Mired in the quicksand of despair, sucked under a little further each day, I struggled to find something to hold onto, something to convince me that life could be bearable. Joy could be found again, hope reborn.

Weeks, months of chronic pain wears on a body, and a soul.

The reaction of some well-meaning friends and acquaintances was not always helpful. Those who didn’t say much, didn’t come around much, leaving me to wonder if I was overreacting and not handling things as well as I should. Those who said way too much, professing that prescribed prayers surely would be the way to healing and in the meantime, the way to live thanking God for my agony. Those who seemed to believe the intensity of my pain somehow was much greater in my head than in my reality. Those who simply didn’t know what to say . . . .

But this is not about them, it is about me. My inability to believe I could bear the brunt of consuming pain for more months. My inability to trust my Lord to care for me, and to carry me on those days I could not carry myself.

Sure, I knew the Scriptures about God as our Rock, our sure footing, our strength. God as the one who upholds us with His righteous right arm, holds us in the palm of His hand, and carries us as a shepherd carries an injured sheep. On some days the comfort found in those verses was enormous. The provision for my soul was enough.

Yet other days, not so much. My foggy pain-induced thought patterns disabled my ability to concentrate. Hope was hard to come by. Shadows fell over my soul. I could not feel my Lord’s presence with me. I could not be strong, and was tired of appearing strong on the outside when my insides were falling apart. I didn’t want to praise God anyway, thank Him for (even in) all things. Rejoice in suffering. Or be an overcomer. I wanted relief.

I was tired. I hurt. There was no healing nor answers in sight. The darkness was winning. And I yearned for something to make a difference.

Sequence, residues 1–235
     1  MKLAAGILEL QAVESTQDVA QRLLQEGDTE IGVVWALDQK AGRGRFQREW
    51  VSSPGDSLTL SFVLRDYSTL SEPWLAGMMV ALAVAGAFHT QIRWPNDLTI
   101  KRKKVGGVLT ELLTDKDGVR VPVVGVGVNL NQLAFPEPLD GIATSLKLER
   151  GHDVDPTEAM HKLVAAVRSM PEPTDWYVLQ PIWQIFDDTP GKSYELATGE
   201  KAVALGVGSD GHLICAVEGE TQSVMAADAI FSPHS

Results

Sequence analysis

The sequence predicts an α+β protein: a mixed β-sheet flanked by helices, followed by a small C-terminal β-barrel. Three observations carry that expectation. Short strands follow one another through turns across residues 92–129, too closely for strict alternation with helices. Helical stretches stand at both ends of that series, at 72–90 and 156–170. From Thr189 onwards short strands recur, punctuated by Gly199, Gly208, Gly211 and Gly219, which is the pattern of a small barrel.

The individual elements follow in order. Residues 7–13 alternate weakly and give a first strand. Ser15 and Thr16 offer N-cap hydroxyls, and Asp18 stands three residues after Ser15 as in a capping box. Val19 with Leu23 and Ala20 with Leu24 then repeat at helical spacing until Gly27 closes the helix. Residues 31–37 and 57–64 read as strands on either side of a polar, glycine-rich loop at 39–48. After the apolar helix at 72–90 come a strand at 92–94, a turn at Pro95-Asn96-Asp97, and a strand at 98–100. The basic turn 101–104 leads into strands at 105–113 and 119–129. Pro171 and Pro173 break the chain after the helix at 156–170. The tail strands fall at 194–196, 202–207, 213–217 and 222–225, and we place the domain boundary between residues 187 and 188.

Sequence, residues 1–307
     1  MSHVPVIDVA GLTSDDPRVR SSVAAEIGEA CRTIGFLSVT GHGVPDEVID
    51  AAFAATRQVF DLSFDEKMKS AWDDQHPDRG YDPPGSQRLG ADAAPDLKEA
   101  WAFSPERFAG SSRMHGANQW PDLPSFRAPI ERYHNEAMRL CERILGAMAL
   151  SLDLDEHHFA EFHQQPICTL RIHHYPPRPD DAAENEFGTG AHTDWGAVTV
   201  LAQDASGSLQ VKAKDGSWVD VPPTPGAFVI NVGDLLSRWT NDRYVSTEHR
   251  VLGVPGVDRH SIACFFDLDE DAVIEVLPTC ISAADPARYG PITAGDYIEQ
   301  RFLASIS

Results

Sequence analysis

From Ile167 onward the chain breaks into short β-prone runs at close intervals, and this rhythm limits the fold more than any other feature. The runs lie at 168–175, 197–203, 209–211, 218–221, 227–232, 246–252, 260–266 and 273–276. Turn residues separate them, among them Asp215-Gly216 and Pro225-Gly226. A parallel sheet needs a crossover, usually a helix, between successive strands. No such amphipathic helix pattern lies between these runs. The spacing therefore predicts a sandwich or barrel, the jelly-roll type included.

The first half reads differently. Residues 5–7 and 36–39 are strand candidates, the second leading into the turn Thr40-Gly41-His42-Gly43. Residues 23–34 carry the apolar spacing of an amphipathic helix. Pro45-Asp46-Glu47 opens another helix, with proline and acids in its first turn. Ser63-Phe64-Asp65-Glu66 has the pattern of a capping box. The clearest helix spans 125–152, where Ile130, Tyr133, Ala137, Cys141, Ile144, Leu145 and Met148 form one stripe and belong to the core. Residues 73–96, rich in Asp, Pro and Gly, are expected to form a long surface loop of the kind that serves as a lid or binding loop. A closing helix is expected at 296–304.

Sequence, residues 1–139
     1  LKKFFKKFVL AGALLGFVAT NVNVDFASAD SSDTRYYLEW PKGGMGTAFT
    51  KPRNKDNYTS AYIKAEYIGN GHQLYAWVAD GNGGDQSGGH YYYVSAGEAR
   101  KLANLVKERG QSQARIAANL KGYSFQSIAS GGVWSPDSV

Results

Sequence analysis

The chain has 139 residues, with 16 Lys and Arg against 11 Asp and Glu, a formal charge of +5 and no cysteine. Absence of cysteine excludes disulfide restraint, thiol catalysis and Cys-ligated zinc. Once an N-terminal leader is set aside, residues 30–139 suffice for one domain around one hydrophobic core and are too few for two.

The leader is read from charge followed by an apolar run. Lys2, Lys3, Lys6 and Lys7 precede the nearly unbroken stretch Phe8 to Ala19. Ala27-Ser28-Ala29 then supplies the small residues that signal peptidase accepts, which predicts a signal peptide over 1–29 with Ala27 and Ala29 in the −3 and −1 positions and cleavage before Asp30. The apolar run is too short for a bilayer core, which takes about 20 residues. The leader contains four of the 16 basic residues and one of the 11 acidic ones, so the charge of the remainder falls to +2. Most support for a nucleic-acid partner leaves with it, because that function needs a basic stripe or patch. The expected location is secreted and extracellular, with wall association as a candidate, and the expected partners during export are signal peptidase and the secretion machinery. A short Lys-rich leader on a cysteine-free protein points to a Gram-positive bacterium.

I wondered if I was loosing my mind . . . until one day when I stumbled upon a couple of verses in chapter one of 2 Corinthians. A chapter often referred to in light of God’s compassion and faithfulness. Words written by Paul, the one who was beaten, imprisoned and in chains, singing and praising His Lord. Paul, the one who walked miles and miles in order to tell the known world about a Savior. Then walked the same roads again, in order to return and strengthen churches begun under his leadership.

Paul, survivor, servant, soul-winner, mentor, teacher, prolific writer. Paul who had an unwavering faith in the Lord Jesus and an unquenchable passion to share Him with others.

Maybe that is why these words were strangely like a salve to my soul. They gave me a different perspective on Paul. A window into the reality of his humanness as he spoke of the affliction which came to us in Asia, that we were burdened excessively, beyond our strength, so that we despaired even of life; indeed, we had the sentence of death within ourselves in order that we should not trust in ourselves, but in God . . . 2 Cor 1:8-9

Those words let me know I no longer had to feel alone. I no longer should feel guilty for doubting God’s provision. And I no longer felt mired in hopeless. I released myself and my feelings to my Savior even as Paul must had done. My pain and my fears were validated.

Oh friend, God’s word provides many things for our souls, including validation for our struggles. God’s word reminds us that even giants of the faith struggled, sinned, made mistakes, and lost hope.

Oh, how God’s word gives me hope. Shows me there are others who understand. Reminds me that I can tell God whatever it is I feel or struggle with on a given day. I can wrestle with God. I can be angry with God for the healing that does not come.

I can cry out to God and believe God hears. God knows my struggles. God weeps with me. God may heal, intervene, and God may not. But no matter God’s perceived action on my behalf, I believe with every fiber of my being that God is with me in all situations, on all my days.

And that makes all the difference . . . .

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